I never liked the slow erosion of the line between business and personal.  It started when companies and society pushed this "we are a family" mentality at jobs.  I get we are a team in the sense of a professional group working for something, but teams break up, people opt for free agency, and teams are just a professional relationship.  This BS that your job is a second family I actually find insulting to be completely honest.  Families don't disown you if household income dips a little. Families don't take away family benefits/rights because those rights would take away from Mommy or Daddy's bonus at the end of the year or quarter.   Families, at least ones that really love each other, don't prey or exploit emotional or personal attachments to make sure that the family lives on.  If you are in a company that uses the term "family" to describe the workforce, remember that if it truly is a "family", it is an abusive, dysfunctional one that will turn their backs on you when it comes time to protect the bottom line.  Then that family crap goes out the window and it's "just business".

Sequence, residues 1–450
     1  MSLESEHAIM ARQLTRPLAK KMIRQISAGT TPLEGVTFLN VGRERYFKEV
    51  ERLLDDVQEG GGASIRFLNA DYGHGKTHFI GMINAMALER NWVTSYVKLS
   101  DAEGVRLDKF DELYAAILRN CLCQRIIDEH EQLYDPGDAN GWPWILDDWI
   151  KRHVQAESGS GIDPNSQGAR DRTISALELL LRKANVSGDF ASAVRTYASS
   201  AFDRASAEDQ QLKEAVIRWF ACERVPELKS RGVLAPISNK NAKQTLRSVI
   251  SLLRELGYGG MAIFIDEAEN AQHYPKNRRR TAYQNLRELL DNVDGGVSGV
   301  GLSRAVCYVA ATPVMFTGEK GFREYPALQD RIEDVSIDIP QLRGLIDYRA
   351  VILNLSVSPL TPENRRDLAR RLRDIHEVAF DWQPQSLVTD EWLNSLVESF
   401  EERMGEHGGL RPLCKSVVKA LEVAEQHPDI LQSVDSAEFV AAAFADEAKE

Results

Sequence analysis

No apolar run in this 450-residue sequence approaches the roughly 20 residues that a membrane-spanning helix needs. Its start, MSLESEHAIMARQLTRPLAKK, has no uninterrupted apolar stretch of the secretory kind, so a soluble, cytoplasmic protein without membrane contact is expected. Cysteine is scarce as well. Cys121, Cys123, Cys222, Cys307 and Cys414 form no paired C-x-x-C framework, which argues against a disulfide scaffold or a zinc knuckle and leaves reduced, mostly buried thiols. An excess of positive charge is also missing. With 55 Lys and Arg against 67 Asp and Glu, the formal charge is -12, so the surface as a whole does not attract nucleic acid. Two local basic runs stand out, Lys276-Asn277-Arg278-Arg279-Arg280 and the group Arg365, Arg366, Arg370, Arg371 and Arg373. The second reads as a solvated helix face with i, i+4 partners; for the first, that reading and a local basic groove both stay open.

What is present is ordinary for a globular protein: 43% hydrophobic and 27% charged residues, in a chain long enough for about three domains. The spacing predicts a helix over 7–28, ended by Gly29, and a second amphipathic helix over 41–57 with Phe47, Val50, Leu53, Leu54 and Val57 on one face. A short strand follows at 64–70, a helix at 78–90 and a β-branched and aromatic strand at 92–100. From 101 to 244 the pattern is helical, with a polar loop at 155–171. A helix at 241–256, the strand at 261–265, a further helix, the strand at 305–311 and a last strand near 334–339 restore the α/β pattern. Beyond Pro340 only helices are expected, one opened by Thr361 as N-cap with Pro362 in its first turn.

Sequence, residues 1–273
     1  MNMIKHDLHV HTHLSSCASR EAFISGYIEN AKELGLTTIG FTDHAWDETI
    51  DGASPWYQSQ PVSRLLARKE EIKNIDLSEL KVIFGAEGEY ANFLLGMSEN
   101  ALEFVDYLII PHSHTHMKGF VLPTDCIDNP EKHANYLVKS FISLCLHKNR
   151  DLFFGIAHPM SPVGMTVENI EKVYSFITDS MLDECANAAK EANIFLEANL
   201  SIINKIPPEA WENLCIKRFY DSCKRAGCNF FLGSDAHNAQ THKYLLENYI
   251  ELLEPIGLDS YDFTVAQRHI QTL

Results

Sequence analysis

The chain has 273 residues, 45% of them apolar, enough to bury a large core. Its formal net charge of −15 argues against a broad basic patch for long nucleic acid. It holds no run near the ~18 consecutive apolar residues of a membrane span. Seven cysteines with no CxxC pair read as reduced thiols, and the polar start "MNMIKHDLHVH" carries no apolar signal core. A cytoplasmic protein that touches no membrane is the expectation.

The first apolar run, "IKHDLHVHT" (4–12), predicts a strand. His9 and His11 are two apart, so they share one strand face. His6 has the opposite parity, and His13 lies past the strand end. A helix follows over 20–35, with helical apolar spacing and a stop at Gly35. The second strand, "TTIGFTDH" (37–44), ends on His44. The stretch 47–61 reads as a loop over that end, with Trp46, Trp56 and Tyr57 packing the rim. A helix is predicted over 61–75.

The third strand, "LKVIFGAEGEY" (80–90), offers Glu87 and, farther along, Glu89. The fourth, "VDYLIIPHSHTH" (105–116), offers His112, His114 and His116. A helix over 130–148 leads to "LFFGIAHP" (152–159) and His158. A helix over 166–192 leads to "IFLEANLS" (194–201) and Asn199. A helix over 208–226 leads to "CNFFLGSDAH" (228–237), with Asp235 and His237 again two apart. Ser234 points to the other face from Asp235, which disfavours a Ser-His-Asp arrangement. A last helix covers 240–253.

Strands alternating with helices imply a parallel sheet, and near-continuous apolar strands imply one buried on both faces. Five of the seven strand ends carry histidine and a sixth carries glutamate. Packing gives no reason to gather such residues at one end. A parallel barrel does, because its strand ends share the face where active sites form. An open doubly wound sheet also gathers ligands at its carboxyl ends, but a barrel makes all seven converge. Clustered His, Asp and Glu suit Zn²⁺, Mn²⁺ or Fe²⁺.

The "Family" lie also has led to the rise in companies guilting their workers to work extra hours "for the good of the family".  Well, I don't mind working extra hours if I have to, provided I'm PAID for it in money, not time off.  The rise of the Salary payment had really pushed this "work long hours and get paid regardless" meme, but usually it means no OT payment.  What companies will do is try to pass off giving time off for your extra hours of work as "payment".  It's BS.  This crap is in theory supposed to even out the hours you work and don't, but it really devalues the salary you make.  your work more hours than the 40, but you are paid as if you are working 40 regardless.  Along with that, some places won't give 1:1 hours work extra to hours given off.  Extra time off don't pay bills or properly compensate the inconvenience of infringing on my time.